Russia ‘finding it difficult’ reveals Ramzan Kadyrov
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The Kremlin is currently hoping to realise several tactical objectives in separatist-occupied regions of Ukraine. Skirmishes between Russian soldiers and Ukrainian defenders have intensified recently as Vladimir Putin bids for the Luhansk region. Putin’s allies have recently revealed their vision extends beyond the region and further west.
One of the Russian premier’s closest associates, Chechen leader Ramzan Kadyrov, turned his attention to Poland.
Speaking in a video posted to social media last week, he threatened to invade the country.
He told viewers the “issue of Ukraine” was “closed” before questioning Poland’s motive.
Kadyrov said: “I’m interested in Poland. Poland, what is it trying to achieve?”
He warned Polish officials to take back their “weapons and mercenaries” and “beg official forgiveness” for “what you did to our ambassador”.
If not, he said, and his regime is “given the command”, he pledged to show Poland “what we’re capable of” in “six seconds”.
Poland has emerged as one of Ukraine’s most prolific supporters since Russia’s invasion began in February.
Along with the Czech Republic, the country’s leadership recently sent a military aid package containing top-of-the-range weaponry.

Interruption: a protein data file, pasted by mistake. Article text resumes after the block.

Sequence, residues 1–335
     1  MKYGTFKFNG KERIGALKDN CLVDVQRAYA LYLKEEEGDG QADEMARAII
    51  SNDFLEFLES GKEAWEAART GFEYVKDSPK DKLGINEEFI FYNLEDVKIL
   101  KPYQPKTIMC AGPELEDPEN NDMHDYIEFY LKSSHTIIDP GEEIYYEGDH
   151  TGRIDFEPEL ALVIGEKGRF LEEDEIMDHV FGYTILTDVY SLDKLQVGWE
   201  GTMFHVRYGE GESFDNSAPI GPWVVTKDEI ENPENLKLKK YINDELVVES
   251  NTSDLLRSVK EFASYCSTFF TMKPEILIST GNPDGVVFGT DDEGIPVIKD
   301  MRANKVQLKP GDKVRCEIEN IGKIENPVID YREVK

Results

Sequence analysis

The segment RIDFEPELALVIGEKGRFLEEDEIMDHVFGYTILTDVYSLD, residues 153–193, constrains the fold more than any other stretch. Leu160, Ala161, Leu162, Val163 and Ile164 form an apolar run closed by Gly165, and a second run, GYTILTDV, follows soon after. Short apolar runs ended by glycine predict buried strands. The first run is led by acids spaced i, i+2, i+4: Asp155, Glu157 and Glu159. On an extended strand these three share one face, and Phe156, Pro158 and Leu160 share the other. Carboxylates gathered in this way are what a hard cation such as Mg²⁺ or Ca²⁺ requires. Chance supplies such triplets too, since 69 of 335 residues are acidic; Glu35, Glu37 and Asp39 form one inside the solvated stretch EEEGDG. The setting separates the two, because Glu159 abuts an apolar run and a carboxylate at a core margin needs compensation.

Polish public radio reported that Andrej Duda’s regime sent 18 AHS Krab self-propelled howitzers on May 29.
The artillery pieces can fire shells over 24.8 miles (40 kilometres), and Poland has reportedly trained 100 Ukrainian artillerymen to pilot them.
The country has likely attracted Chechen ire due to a recent event involving Russian ambassador Sergey Andreev.
On May 9, Andreev, the ambassador to Poland, was pelted with red paint while visiting the country’s Soviet cemetery in Warsaw.
There, he met fiery resistance from Polish anti-war protesters.
They doused the diplomat with red paint as he went to lay flowers during the anniversary of the Allies’ 1945 victory over Nazi Germany.
Polish authorities condemned the incident, as foreign minister Zbigniew Rau called it “regrettable”.
Interior minister Mariusz Kaminski added that the protester’s emotions were “understandable” and officials had warned Andreev against laying the flowers.
Despite boasting of its power in command, Chechenyan residents are reportedly becoming disaffected with their part in the war against Ukraine.
Residents recently told the Daily Telegraph the influx of injured men and growing number of funerals have turned opinions against the conflict.
One woman in Grozny said people agreed to participate in Russia’s “special operation” “because of the hopelessness of things here”.
In time, that trickle of dissent could cause trouble for Kadyrov, who is both leader and warlord of the Chechen “Kadyrovsky” fighters.
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